Masthead graphic based on a painting by Gudrun Thriemer.

Thursday, June 25, 2009

M K Bhadrakumar, "'Color' revolution fizzles in Iran," Asia Times, June 26, 2009.

[Bhadrakumar's analysis is based on two unlikely sources. The first is the leaked testimony to Israel's Knesset Committee on Foreign Affairs and Defense by Mossad head, Meir Dagan:

"Election fraud in Iran is no different than what happens in liberal states during elections. The struggle over the election results in Iran is internal and is unconnected to its strategic aspirations, including its nuclear program."
The second is prominent Iranian-born US neocon and advocate of regime change in Iran, Amir Tahiri, who is quoted at length. For example,
"So-called 'Iran experts' did not realize that Mousavi was a balloon that a section of the Iranian middle class inflated to show its anger not only at Ahmadinejad but also at the entire Khomeinist regime. Otherwise, there is nothing in Mousavi's record ... to make him more attractive than Ahmadinejad."
Bhadrakumar concludes that
"At the end of it all, the international community can only heave a sigh of relief that while this complex and extremely confusing political drama unfolded, George W Bush was no more in the White House in Washington. United States President Barack Obama could grasp the subtleties of the situation and adopted a well-thought-out, measured policy and broadly stuck to it despite apparent pressure from conservatives.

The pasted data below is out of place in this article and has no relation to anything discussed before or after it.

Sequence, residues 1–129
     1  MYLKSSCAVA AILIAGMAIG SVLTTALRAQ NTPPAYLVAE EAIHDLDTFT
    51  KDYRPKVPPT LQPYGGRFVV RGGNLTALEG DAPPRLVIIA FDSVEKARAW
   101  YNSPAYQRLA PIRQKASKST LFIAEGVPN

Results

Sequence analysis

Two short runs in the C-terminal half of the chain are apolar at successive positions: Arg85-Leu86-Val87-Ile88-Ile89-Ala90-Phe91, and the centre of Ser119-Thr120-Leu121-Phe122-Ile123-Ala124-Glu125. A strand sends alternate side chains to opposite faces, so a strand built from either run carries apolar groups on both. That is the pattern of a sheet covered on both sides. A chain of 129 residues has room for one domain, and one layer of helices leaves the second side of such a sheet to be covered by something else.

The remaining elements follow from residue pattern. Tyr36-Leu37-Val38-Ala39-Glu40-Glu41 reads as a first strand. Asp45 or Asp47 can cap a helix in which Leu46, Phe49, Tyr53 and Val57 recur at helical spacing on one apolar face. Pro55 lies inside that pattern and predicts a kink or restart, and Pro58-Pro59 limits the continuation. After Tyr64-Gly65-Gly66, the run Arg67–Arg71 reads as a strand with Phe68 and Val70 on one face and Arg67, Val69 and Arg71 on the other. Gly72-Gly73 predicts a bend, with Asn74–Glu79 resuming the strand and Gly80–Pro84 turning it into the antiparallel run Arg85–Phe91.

Israelis are realists par excellence. This is why it is always gainful to buttonhole an Israeli counterpart over a single-malt on the diplomatic circuit. He will invariably weave into the tapestry of the plain tale a nylon thread until then obscure to the naked eye.

Thus, the first warning that the adventurous project to mount a "Twitter revolution" in Iran was doomed to fail had to come from the Israelis. It meshes well with the indications that Supreme Leader Ali Khamenei's capacity to command the seemingly explosive political situation was never really been in doubt, no matter the hype in the Western media that Tehran was on the 'knife's edge".

If any doubt lingers, that also is dispelled by the fury in the state-controlled Saudi Arabian media's unprecedented, vicious personal attack on both Khamenei and President Mahmud Ahmadinejad - of a kind alien to the culture of ta'arof (politesse) or even taqiyah (dissimulation) in that part of the world. Riyadh's fond hopes of witnessing the Iranian regime debilitated by a protracted crisis have been dashed. Its principal interlocutor, former Iranian president Akbar Hashemi Rafsanjani, has vanished from the chessboard. Riyadh seems bracing for Tehran's wrath.

  Paradoxically, negotiating with Ahmadinejad might prove easier for the West, as he has a genuine constituency.

Read the rest here =>
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